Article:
@Janet- Thrilled to have you with us! This is a great group and community of sharers. I encourage the sharing of different views around a concept. As you said we can "learn from others." We also identify with others as is evident from the comments. Love that!

March 10, 2015 | Registered CommenterLinda Samuels

Just yesterday - there's that serendipity thing going on again ! - a client said that it is not "change" we resist or are uncomfortable with.

As Seana mentions, It is the "uncertainty" of the change ( I believe my client credited Bruce Mast, a Leadership consultant for this).

It's not the change itself; it is the uncertainty of what lies ahead. Think on that one. :)

March 11, 2015 | Unregistered CommenterSue West

@Diane - I'm glad to know I'm not the only daydreamer. You never know about those fantastic ideas - There was a time when I thought writing a novel was "a little too fantastic." And as I'm typing on this keyboard, I'm thinking about how today's technology was yesterday's science fiction.

March 11, 2015 | Unregistered CommenterValentina Sgro

@Sue- Serendipity! Love it. It's that uncertainty or unknown that can prevent us from moving ahead. In fact, often the actual "change" is wonderful. It's just challenging to think outside our boxes at times.

@Val- So many things that were "a little too fantastic" HAVE come to fruition. What is it we say, "There are no stupid questions." Maybe that goes for ideas too. At least allowing the ideas to come to percolate to the surface. From there decisions can be made if they're worth pursuing. Have the ideas first. Censor later.

March 11, 2015 | Registered CommenterLinda Samuels

Susan is making a great point by saying that if we can't visualize what's next, we have more preparing to do. I do believe that the vision comes when we're ready to receive it.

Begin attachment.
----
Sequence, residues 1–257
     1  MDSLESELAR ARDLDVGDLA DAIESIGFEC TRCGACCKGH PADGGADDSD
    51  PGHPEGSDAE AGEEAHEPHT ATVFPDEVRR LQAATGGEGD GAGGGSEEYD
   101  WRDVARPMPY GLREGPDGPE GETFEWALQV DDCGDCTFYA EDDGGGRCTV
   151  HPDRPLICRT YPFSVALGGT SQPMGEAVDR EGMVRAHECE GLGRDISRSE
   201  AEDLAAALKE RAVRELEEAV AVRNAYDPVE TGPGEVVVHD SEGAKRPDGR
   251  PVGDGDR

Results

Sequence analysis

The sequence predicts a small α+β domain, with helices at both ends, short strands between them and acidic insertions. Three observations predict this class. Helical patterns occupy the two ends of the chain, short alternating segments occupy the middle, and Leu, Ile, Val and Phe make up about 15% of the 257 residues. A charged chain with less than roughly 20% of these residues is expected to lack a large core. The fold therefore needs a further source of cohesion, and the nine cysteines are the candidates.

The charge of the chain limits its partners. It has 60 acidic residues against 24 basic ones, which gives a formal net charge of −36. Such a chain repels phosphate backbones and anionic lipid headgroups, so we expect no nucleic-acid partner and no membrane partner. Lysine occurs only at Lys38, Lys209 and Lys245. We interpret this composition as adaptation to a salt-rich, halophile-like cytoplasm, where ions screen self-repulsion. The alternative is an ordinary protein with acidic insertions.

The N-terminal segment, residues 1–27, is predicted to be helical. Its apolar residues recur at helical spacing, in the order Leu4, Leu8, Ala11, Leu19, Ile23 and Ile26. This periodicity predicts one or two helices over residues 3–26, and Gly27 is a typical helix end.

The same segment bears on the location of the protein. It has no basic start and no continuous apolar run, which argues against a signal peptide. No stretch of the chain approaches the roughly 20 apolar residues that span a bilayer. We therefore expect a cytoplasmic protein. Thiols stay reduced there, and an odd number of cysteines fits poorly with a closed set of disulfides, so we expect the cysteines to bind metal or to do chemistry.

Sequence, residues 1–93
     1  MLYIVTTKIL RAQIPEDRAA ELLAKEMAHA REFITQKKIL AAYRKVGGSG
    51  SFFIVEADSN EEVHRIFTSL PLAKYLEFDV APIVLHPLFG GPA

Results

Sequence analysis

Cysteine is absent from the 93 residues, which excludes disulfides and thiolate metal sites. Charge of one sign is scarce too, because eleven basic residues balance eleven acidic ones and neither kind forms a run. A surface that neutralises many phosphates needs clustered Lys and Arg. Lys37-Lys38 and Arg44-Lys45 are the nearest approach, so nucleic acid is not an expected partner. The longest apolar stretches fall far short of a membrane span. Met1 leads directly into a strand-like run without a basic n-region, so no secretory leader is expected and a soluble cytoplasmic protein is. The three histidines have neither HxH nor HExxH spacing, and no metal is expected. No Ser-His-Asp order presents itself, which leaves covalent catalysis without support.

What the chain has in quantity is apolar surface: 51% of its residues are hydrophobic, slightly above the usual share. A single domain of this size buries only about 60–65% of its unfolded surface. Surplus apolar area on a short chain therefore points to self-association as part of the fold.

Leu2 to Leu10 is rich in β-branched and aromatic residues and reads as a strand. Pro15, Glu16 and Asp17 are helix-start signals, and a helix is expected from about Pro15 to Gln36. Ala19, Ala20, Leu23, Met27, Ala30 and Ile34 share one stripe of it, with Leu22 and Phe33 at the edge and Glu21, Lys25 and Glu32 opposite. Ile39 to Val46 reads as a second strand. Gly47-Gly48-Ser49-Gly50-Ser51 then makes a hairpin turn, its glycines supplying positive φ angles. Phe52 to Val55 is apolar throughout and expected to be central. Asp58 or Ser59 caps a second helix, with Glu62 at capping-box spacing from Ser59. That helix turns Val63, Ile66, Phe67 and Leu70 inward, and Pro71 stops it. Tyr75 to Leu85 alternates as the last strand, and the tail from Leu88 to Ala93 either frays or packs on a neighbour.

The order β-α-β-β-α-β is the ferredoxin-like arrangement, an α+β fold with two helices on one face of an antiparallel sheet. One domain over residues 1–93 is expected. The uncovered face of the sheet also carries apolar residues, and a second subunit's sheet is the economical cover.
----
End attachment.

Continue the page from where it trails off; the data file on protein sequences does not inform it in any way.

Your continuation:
Cameron, I've been there done that too. When I do a life review I can see how many of my big decisions were sheer responses to what was in front of me. Was that wrong? I don't think so. It's brought me where I am today and I love where I am. On the other hand, I don't choose to do this anymore. I want to be proactive. What worked then doesn't work now.

As I'm entering a new and unknown territory in my life - both kids going off to college and having experienced loss in the last two years - I'm taking a more proactive role in designing the next chapter. It includes lots of daydreaming, mind mapping, and taking meaningful actions.

Thank you for this post, Linda and everyone. You guys are the best:-) xoxo

March 12, 2015 | Unregistered CommenterYota Schneider

Yota- Great to hear your voice! Thank you for connecting and sharing your journey with the group. I know it's been a big time of transition for you with the girls about to leave the nest and with the personal losses you've had in this short time. I also know that you've got an amazing array of tools and strategies to guide you to your new "spring." I'm excited to see what will bloom in your garden.

March 12, 2015 | Registered CommenterLinda Samuels

Thank you Linda:-) It's good to be back; one day at a time. I've missed you. Joining the insightful conversations you ignite in your space is always a treat.

March 19, 2015 | Unregistered CommenterYota Schneider

@Yota- Great to have you back! Looks like you've got a perfect spring launch offer with your "seed starter" coaching offer. Love it!

March 20, 2015 | Registered CommenterLinda Samuels

My next often begins with a feeling that the current no longer works as well as it has... that it is time to do something different, to be the next version of me... to heighten the positive in a different way. I may not know what will change, but I become more open to the possibility. I let the universe work on it until the direction gets clearer. Then it's time for planning towards actual action. That, for me, is the tough part.

March 21, 2015 | Unregistered CommenterSusan Lasky

Susan- Just love how you identify your "next" as a feeling. Then you allow yourself to be open to possibilities until the clarity comes. Just beautiful.

March 22, 2015 | Registered CommenterLinda Samuels